Prenuptial agreement services

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The increase of divorce rates in recent years has resulted in a more prenuptial agreements being arranged. These prenuptial agreements have become more commonplace in England and Wales, and as such the courts begun to adapt how they regard prenuptial agreements. The court have upheld prenuptial agreements during a divorce or separation proceedings. There are a variety of property divisions which can affect the validity of a prenuptial agreement during a court ordered divorce. However, as long as the prenuptial agreement follows the principles set out below there should not be any  issues with the court upholding this legally prepared document.

As a result of these strict principles, it is crucial that you have a formal legal deed drawn up by solicitors for the prenuptial agreement. These prenuptial agreements are designed to provide certainty for a couple and protect any pre-marital assets and wealth; including inheritance, property, and also children from a previous relationship or marriage.

The Agreement allocates what the couples’ rights will be regarding property, income and assets before marriage or after marriage including property purchased together. The agreement can also outline what will happen to inherited assets which are brought into a marriage.

Any assets which a couple possess together within a marriage are deemed “matrimonial assets” unless they are specifically protected. The purpose of the Prenuptial Agreement is to organise exactly what would happen to these assets should the marriage break down.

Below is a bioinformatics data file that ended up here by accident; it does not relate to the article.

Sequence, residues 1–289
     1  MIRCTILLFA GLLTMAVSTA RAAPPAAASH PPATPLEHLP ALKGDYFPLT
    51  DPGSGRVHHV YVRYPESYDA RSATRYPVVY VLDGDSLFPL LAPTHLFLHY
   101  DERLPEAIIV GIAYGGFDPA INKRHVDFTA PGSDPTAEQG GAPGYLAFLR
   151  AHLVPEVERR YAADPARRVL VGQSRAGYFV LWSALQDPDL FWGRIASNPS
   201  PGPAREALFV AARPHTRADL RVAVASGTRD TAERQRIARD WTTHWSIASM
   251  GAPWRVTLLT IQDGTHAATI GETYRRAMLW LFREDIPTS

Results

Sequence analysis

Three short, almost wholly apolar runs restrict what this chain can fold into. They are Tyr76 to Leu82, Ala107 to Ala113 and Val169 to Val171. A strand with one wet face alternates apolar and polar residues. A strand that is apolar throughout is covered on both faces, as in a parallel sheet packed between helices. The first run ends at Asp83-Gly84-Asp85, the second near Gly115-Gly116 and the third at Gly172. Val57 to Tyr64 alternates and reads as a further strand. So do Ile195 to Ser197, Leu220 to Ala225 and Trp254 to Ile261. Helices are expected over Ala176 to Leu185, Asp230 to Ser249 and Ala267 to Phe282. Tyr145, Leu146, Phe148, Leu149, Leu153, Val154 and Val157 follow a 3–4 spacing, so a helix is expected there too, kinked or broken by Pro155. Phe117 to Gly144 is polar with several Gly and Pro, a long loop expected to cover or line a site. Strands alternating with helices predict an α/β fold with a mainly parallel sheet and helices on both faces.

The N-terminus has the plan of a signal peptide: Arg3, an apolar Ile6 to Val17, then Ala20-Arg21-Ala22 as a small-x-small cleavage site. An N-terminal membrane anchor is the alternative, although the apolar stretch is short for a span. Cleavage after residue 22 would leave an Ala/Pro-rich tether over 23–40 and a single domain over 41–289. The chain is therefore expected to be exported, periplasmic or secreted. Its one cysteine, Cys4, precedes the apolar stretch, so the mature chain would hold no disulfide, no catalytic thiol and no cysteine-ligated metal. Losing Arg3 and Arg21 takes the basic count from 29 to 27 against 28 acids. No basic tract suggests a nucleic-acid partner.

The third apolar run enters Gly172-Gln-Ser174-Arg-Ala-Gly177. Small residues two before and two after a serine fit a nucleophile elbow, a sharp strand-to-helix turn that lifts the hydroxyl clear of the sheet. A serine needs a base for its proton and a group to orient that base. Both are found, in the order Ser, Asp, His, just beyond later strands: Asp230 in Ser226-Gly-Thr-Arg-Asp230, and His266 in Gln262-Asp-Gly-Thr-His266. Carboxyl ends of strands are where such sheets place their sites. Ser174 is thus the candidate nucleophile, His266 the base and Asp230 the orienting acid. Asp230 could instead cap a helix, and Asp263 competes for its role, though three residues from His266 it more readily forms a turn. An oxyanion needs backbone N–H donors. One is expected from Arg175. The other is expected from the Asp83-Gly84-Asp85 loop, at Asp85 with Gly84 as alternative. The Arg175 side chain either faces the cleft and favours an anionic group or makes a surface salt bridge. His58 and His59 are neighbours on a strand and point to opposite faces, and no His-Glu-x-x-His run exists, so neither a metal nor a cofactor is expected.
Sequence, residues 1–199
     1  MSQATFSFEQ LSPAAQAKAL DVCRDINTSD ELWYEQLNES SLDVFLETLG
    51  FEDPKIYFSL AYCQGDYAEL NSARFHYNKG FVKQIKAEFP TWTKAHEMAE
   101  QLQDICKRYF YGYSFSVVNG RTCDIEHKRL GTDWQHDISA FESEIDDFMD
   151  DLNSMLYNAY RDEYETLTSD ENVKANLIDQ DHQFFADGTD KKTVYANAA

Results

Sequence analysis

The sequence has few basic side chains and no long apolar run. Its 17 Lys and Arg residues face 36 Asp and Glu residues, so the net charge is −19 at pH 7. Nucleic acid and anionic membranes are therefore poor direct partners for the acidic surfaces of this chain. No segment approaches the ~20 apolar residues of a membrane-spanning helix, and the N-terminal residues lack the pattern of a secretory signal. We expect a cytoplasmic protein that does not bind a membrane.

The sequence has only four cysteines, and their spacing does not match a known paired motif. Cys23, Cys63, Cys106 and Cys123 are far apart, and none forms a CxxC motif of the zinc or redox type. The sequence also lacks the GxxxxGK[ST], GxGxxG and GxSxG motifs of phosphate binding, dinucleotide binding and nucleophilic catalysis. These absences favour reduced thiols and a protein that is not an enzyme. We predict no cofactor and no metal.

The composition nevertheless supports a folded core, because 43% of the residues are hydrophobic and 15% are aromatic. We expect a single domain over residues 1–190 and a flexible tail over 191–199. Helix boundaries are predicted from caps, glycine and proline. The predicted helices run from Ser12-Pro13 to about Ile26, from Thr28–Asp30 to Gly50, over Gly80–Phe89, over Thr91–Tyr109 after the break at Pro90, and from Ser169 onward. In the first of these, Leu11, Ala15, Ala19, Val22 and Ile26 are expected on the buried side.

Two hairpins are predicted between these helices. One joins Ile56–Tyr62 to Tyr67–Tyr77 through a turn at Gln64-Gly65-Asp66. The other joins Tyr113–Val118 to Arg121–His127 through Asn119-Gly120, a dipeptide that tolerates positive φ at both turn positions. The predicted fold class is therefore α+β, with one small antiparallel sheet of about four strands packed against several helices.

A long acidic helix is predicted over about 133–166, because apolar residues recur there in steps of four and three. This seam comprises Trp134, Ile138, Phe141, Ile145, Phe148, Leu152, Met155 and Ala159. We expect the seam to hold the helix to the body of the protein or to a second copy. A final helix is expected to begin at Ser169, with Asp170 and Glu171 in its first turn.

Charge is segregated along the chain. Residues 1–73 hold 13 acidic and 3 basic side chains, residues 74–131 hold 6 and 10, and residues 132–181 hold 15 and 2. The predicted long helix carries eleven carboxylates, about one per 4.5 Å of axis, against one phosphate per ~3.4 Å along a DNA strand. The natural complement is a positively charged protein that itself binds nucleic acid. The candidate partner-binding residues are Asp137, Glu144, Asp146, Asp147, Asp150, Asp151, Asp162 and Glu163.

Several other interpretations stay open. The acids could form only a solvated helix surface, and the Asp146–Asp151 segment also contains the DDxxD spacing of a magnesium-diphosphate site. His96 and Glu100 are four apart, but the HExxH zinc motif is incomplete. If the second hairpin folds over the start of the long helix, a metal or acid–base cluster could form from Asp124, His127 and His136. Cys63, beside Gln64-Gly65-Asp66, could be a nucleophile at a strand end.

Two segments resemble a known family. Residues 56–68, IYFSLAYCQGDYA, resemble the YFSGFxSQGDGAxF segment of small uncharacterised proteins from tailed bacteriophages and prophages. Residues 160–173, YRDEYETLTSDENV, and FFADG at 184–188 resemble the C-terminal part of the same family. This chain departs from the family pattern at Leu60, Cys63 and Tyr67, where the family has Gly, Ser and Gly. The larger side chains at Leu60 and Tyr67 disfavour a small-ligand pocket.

Therefore, couples need to consider several factors before entering into a prenuptial agreement. These include:

  • The property that you wish to protect should the marriage break down.
  • The assets you may have acquired during a previous divorce, so you do not lose them or to protect them as they may not have been in a previous marriage.
  • Widows/widowers can also protect assets for their children including inheritance of property or other assets to ensure the current marriage is unable to include them in the matrimonial assets.
  • Also the agreement can help prevent future legal costs or battles should the marriage breakdown.

In the last few years England’s court system has given more weight to prenuptial agreements. The agreement is designed to show your intentions at the outset of the marriage, as well as prevent changes or emotions from affecting the original thoughts you may have had entering into the marriage.

As such, there are a number of principles the court will consider. Some of these principles are more relevant than others, such as:

  • The court will assess if both parties were advised legally with regard to the prenuptial agreement before it was signed.
  • The court will determine if pressure from either party to sign the agreement occurred.
  • Lastly, it is assessed if both parties had full asset disclosure e.g. whether both parties knew fully what they were entering into.

These principles are considered because the court wants to make certain that the Agreement is completely fair, just and reasonable. If the agreement is proven to be fair, it will be upheld during divorce proceedings. During the course of your marriage a lot of things can change. You may have children, whilst also taking care of children from a previous marriage. You may buy a home or other assets during married life. These assets and your children will be taken into account during the financial settlement phase.

With English divorce cases the primary concern associated with financial settlements and the divorce is the welfare of any children involved. The court will look first at minors in the family to determine that they have proper financial stability, a home in which to live, and that responsibilities will be met with the party with whom the children live. If the prenuptial agreement is deemed unfair with regards to the children involved, it may not be upheld.

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